Jon Cooper

New Lightning coach Cooper eager for tonight’s debut

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Jon Cooper, 45, is excited as we get closer to his first game as the Tampa Bay Lightning’s head coach and he expects those emotions will just build as the day goes on, according to an NHL.com report.

“How am I looking right now? Am I looking OK?” Cooper asked after the Lightning’s practice. “OK, so take this and do the opposite and that’s what is going on in here.

“I’m jacked. This is really, really exciting. I’ve got a plan. I’ve done it my way, and here I stand today.

“I wouldn’t say that I’m really nervous, although five minutes before the game I’m sure I will be. There is a wave of emotions. I wish everyone could feel what I’m feeling right now. It’s pretty cool.”

Cooper, the former head coach of AHL Syracuse, is inheriting a team that’s unlikely to make the playoffs despite a wealth of talented players. Former bench boss Guy Boucher led the team to the Eastern Conference Finals in 2011, but goaltending woes have been a big problem in recent years.

Cooper doesn’t plan to change the way he coaches and part of that means giving his players more freedom in the offensive zone. That’s something that should appeal to two-time Rocket Richard Trophy winner Steven Stamkos.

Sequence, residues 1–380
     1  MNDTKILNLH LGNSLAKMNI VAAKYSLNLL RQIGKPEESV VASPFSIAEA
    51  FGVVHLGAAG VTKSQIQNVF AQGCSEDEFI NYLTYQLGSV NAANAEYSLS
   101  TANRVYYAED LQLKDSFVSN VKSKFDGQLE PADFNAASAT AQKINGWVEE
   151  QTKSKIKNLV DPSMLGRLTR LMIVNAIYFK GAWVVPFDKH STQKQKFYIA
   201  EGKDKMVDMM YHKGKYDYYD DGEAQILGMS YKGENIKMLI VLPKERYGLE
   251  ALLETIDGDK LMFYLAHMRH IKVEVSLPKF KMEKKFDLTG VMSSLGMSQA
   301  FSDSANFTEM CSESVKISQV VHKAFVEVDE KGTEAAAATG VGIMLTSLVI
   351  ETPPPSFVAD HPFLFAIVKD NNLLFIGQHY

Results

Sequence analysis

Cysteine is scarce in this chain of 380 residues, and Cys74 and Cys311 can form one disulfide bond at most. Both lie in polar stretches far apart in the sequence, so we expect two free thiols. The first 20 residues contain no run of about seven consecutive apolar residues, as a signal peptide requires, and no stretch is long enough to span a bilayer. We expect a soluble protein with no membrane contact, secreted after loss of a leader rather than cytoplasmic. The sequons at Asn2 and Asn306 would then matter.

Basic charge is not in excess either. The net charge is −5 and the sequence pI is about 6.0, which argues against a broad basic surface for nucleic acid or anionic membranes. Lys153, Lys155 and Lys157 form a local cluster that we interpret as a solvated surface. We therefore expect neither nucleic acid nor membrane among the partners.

“It isn’t like you weren’t allowed to make plays with Guy. You still went out there making reads, making plays,” Stamkos said in a Tampa Bay Times report. “But here we know what’s allowed and what’s not, and there’s a lot of in-between where you can make a decision on your own.

“There aren’t specific things in your head you’re thinking about when you’re out there.”

“You’ve got to let guys breathe,” Cooper reasoned. “You’ve got to let them be free down there.”

The New Jersey Devils will be Cooper’s first opponents and his approach will be countered by future Hall of Fame goaltender Martin Brodeur.

Related:

Yzerman: ‘Marty St. Louis is not going to be traded’

Video: Penguins coach takes issue with late, high Orpik hit on Maatta

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The Pittsburgh Penguins have spoken out against a late, high hit that Washington Capitals defenseman Brooks Orpik threw on Olli Maatta early in the first period of an eventful Game 2 on Saturday.

Maatta left and didn’t return. He played only 31 seconds, and the Penguins were reduced to five defensemen for a large portion of the game. Orpik was given a minor penalty on the play, but the league’s Department of Player Safety may see it differently.

The hit occurred well after Maatta had gotten rid of the puck. He struggled on his way to the dressing room for further evaluation.

Based on multiple reports, Orpik wasn’t made available to the media following the game, which went to the Penguins as they earned the split on the road.

But the Penguins have taken issue with the hit.

“I thought it was a late hit,” said Penguins coach Mike Sullivan, as per CSN Mid-Atlantic. “I thought it was a target to his head. I think it’s the type of hit everyone in hockey is trying to remove from the game.”